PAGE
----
It was also the first FPS or FPS-like game where you absosmurfly HAD to use the mouse. The keyboard only moved you around, to interact with the cybernetic implants and the gameworld, you needed the mouse - walk up to a button, move the cursor over it, click, and poof, it is pressed. Pick up one item out of a pile instead of having to pick them up like you would in a modern-day FPS by simply moving the mouse over it while the camera remained static - wonderful! The combat worked on the same principle - while the melee weapons were simply "walk up and whack", you could aim your guns without moving your character OR the camera in any way - the gun hand would move separately of the "head" and would aim at whatever you would point your cursor at, letting you riddle enemies - the various cyborgs and robots that SHODAN sent after you - with flechettes, or electric charges, or laser blasts, or what-have-you.
Another fun element was the configurable HUD. Wanted the minimap? Inventory readout? Weapon readout? You could rearrange the HUD elements (within certain boundaries) on the screen, either keeping the vision field small and the HUD huge, or making the vision field fit the screen and the HUD an overlay you could turn on and off on a section-by-section basis on your own whim, an element which was very comfortable - and which of all the action games in the world (not even mentioning horror games) only Dead Space repeats.
But that wasn't all you could use. Stim-injectors that would heal you, boost your reflexes, protect you and cleanse you from radiation and poisons, help you see in the dark... all of which would affect your various bodily functions, which the game duly tracked and made modifications to depending on what you were doing and where you were doing it. Those fancy multicoloured EEG-like lines in the background of the UI? Those are your character's ACTUAL EEG readings, heart rate monitor and so on, and they would change depending on how much drugs you boinked up on - you could actually die from an overdose, a drug crash or an ill-timed cold turkey. And that was awesome.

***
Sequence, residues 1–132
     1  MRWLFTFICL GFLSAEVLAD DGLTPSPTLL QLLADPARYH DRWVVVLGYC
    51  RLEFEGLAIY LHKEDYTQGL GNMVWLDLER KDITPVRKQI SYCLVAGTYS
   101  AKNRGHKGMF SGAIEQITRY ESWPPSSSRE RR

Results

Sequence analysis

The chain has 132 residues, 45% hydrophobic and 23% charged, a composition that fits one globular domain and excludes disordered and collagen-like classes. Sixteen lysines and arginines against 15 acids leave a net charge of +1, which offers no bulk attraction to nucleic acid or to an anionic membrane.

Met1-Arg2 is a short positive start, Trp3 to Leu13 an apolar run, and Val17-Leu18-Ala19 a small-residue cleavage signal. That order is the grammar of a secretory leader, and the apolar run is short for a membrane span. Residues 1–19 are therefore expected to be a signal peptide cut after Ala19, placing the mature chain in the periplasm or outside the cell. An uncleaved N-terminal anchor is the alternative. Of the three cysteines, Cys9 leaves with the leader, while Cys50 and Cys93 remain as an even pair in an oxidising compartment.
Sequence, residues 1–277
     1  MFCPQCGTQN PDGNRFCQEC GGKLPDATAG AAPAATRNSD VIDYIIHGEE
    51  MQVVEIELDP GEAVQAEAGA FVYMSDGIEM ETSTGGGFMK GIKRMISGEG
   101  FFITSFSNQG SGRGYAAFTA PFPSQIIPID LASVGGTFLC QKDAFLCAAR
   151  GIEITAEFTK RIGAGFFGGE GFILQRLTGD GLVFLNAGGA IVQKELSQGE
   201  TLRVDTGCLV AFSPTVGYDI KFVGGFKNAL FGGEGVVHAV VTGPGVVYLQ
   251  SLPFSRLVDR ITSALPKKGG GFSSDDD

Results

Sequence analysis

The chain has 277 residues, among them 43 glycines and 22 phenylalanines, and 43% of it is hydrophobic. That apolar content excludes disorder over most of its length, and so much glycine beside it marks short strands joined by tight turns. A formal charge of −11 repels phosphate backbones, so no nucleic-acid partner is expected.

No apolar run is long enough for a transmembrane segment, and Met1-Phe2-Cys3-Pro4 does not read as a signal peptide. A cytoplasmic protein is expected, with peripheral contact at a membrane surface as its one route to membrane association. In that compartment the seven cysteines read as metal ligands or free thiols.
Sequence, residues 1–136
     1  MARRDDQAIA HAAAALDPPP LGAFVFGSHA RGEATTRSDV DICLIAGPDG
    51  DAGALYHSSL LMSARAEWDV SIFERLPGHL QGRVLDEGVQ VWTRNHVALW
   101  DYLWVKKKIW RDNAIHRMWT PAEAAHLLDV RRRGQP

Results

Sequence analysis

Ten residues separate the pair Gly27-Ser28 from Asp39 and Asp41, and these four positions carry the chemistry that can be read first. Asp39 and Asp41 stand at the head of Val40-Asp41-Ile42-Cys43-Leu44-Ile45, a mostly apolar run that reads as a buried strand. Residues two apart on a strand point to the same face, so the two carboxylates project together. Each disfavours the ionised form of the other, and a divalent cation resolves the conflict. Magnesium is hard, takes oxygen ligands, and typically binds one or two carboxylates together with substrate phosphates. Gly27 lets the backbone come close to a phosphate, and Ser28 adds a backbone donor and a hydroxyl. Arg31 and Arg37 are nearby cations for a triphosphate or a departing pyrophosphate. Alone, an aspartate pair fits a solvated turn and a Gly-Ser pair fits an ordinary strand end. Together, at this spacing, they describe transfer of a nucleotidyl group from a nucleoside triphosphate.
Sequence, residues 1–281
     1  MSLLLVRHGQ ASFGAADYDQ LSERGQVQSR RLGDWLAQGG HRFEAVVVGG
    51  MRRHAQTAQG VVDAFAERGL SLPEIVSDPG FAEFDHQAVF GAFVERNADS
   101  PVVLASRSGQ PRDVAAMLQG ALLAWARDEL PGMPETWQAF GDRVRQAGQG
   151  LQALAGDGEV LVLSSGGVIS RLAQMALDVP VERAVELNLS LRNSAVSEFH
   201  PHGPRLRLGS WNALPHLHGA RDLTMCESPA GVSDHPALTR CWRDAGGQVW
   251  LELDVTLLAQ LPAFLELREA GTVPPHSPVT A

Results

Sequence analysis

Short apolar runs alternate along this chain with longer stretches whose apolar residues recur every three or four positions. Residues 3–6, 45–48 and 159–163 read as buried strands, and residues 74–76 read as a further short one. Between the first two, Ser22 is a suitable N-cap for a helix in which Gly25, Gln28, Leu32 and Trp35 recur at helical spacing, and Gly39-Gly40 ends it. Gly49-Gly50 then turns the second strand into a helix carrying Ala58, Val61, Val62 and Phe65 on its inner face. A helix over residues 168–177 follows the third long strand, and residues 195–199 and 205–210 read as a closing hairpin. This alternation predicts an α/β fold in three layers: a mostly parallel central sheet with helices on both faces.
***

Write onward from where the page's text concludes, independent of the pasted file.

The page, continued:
You could also jack into cyberspace here and there, switching to a Descent-like gameplay floating through a zero-g environment intended to signify the internal computer networks of the station which you would have to navigate, eliminating defence programs, firewalls and downloading whatever data you came across, be it internal memos, firmware upgrades for your implants or access codes to that one locked door you could not get through.
To further help you on your journey, here and there you would find audio logs (and sometimes you'd get them e-mailed to you), made by the survivors of the massacre SHODAN perpetrated, detailing their lives before AND after you, Mr. Hacker, turned their peaceful research station (where they made all these wonderful toys of death) into a living hell. That was where the CD version really shone - the fear in the voices of the survivors, simple scientists, not that well-suited for combat, some of which became grizzled killers by the time they met their unsavory end, surviving for a few months of the half-year you were sleeping away peacefully in your well-locked operating room. And, of course, there was also her. The Goddess. SHODAN. An interesting case of when "voiced by professional programmers" really did work - Terri Brosius, the wife and co-conspirator of the company's main sound engineer and composer, lent her voice to the malevolent AI, processed through different filters in order to create the soundscape that was SHODAN, and was immortalized in the gaming hall of fame as one of the ultimate baddies and most scary AIs. And it was well-earned. There's a very valid reason why GlaDOS is always compared to her.
The bottom line was: while the game suffered from glitches, most of them came down to the fact that even the low-quality graphics floppy disk version was too computer-hungry for the average machine of the time, and for what it was worth, it gave as good as it got, delivering unparalleled real-time three-dimensional terror straight into the player's brain, separating them from reality in the most vicious manner imaginable. And we were okay with it.
"Do You Remember That One?" - System Shock - "Look at you, Hacker..."
Blog entry posted by Noelemahc, Jun 13, 2012.
About the Author
A Russian Econ major with a minor in graphomania. Used to write for a Russian gaming magazine a while back, apparently wasn't very good or they wouldn't've cancelled his column to replace it with one devoted to listing erotic fanservice moments in videogames and anime series. Has a penchant for long-winded distracted rants and a bizarre affection for very old videogames.